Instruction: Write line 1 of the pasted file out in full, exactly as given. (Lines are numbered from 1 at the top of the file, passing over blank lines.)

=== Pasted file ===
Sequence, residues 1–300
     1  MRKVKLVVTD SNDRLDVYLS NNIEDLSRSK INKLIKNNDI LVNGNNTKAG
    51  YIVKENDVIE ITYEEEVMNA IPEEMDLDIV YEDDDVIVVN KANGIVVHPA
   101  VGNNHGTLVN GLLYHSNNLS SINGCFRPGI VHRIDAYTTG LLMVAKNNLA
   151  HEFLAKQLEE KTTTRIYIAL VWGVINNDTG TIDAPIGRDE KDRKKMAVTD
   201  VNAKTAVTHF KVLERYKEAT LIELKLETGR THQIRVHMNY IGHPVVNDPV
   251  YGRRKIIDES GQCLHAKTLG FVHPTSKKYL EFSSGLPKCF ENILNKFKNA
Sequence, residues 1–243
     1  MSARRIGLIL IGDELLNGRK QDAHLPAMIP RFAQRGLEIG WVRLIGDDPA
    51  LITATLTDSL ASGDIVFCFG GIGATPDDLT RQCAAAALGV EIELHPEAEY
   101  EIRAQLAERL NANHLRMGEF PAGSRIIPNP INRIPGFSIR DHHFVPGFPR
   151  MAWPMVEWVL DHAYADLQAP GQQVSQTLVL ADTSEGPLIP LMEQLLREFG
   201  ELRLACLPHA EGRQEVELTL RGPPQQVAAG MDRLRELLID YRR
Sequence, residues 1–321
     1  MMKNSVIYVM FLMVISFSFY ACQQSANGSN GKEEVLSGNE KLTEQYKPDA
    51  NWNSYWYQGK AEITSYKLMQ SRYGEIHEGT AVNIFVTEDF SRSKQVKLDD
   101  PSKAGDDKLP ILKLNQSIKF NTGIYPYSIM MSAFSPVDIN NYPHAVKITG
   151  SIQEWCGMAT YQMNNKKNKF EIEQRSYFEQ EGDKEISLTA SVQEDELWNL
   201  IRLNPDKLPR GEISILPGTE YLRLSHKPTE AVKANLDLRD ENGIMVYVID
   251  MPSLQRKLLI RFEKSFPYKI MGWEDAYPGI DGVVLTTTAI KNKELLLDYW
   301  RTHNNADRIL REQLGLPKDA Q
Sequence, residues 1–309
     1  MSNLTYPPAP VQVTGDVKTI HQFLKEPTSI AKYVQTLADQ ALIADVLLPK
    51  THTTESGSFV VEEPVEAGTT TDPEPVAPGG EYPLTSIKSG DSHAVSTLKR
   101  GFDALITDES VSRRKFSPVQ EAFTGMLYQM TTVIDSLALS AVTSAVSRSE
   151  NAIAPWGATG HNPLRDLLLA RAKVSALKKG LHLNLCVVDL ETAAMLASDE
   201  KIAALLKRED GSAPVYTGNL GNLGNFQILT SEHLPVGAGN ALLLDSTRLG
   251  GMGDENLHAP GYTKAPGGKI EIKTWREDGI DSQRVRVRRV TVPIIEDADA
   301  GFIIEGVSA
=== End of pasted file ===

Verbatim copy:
Sequence, residues 1–300